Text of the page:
17 January 2005 TCP-RC: a receiver-centered TCP protocol for delay-sensitive applications
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TCP is the de-facto standard transport-layer protocol in the Internet. However, TCP is generally considered to be inappropriate for delay-sensitive applications such as multimedia. This paper proposes a novel receiver-centered TCP (TCP-RC), which is a TCP modification at the receiver that is intended for delay-sensitive applications. The basic principle behind TCP-RC is that it achieves low latency at the expense of reliability. In particular, TCP-RC forges lost packets, passing them on to an enabled application. This allows low-latency transmission for a class of applications that do not demand full reliability. Results obtained from emulated experiments show that over a range of loss rates and round-trip times, TCP-RC has a significantly smaller average- and worst-case per-packet delay than regular TCP.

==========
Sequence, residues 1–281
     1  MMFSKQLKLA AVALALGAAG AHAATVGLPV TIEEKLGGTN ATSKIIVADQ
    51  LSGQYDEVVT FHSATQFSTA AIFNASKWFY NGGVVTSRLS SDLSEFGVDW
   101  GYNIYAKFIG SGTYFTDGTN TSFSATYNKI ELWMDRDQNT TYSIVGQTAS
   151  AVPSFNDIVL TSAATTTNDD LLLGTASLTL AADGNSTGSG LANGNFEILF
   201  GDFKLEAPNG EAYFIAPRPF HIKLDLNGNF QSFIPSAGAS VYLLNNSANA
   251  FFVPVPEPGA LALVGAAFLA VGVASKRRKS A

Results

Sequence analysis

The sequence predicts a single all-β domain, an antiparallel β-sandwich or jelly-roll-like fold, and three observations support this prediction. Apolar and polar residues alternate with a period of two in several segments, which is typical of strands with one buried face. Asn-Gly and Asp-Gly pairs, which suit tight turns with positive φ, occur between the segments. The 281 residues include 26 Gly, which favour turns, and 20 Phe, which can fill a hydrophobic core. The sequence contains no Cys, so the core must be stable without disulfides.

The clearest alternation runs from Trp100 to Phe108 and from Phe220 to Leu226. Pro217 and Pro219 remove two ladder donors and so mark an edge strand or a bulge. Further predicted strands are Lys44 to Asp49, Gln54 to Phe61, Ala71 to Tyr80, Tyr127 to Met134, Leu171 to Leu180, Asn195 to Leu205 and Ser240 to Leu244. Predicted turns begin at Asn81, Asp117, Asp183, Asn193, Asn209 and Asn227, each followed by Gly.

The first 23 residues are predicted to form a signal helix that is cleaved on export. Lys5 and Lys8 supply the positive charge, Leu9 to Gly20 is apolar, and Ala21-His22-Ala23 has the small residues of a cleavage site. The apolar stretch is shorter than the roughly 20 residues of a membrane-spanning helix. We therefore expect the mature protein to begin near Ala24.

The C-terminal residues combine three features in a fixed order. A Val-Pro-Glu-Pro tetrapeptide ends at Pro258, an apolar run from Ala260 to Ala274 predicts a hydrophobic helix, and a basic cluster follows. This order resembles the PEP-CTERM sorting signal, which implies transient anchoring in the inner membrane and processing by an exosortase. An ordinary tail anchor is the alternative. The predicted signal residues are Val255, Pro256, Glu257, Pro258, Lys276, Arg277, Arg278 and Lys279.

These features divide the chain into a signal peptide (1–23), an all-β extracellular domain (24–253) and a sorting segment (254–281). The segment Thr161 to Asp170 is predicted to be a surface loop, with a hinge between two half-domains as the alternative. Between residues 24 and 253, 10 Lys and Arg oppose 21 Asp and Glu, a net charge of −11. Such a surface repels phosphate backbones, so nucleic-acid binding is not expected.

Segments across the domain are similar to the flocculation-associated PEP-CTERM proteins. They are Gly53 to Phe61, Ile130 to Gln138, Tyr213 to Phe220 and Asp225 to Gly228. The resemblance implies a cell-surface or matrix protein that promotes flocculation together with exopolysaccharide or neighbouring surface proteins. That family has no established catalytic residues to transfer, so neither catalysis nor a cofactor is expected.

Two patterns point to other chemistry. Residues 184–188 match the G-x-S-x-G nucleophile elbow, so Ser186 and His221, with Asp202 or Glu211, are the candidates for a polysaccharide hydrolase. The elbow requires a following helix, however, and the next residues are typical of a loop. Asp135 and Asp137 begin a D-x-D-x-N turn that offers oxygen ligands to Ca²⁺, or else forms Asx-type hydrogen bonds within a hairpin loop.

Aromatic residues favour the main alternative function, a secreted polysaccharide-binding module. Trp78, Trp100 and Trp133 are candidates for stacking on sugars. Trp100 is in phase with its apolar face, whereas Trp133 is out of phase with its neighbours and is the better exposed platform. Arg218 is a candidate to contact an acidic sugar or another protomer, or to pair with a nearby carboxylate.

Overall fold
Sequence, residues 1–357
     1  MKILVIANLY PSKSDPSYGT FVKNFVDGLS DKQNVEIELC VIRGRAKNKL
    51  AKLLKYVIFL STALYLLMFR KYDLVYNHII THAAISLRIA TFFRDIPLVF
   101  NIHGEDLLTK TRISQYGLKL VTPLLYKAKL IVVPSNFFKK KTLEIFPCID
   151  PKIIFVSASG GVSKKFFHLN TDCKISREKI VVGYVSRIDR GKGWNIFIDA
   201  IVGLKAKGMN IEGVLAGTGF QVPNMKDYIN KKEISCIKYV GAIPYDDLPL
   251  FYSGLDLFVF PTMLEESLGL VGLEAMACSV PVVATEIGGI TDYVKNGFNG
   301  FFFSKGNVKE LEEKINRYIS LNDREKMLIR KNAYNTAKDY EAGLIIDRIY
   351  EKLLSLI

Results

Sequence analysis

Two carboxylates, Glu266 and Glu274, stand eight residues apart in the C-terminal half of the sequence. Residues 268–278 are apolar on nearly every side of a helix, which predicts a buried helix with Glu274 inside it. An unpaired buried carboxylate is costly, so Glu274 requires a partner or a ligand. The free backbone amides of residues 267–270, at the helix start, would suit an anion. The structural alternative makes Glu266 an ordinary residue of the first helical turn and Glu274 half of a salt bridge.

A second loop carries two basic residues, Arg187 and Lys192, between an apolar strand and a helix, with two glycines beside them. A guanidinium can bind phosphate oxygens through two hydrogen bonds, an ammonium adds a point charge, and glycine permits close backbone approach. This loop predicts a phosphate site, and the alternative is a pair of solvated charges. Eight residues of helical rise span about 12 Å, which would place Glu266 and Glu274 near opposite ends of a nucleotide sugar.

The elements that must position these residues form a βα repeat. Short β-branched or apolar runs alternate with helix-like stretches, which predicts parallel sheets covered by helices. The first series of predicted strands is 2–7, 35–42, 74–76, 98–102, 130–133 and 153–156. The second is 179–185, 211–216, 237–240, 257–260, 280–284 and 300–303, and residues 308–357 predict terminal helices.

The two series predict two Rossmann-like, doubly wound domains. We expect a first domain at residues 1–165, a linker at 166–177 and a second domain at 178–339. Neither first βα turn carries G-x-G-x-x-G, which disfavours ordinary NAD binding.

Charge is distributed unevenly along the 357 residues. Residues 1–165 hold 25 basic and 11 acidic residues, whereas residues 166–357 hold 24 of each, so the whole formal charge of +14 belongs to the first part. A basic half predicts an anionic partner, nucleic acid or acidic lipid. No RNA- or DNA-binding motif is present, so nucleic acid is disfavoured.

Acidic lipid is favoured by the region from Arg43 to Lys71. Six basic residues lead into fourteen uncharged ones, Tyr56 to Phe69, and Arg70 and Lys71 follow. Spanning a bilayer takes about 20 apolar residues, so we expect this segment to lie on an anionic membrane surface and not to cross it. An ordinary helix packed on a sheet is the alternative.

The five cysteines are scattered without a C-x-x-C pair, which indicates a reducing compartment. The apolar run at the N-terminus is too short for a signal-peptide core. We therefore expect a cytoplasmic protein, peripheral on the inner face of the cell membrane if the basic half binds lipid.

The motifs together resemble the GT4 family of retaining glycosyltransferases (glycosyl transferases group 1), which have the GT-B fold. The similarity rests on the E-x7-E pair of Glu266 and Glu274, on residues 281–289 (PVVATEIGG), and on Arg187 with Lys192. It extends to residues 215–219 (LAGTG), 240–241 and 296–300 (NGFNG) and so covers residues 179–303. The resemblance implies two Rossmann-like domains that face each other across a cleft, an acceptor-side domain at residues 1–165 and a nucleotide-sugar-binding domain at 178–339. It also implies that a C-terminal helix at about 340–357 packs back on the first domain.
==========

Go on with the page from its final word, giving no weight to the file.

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Doug McCreary, Kang Li, Scott A. Watterson, David K. Lowenthal, "TCP-RC: a receiver-centered TCP protocol for delay-sensitive applications", Proc. SPIE 5680, Multimedia Computing and Networking 2005, (17 January 2005); doi: 10.1117/12.592252; https://doi.org/10.1117/12.592252

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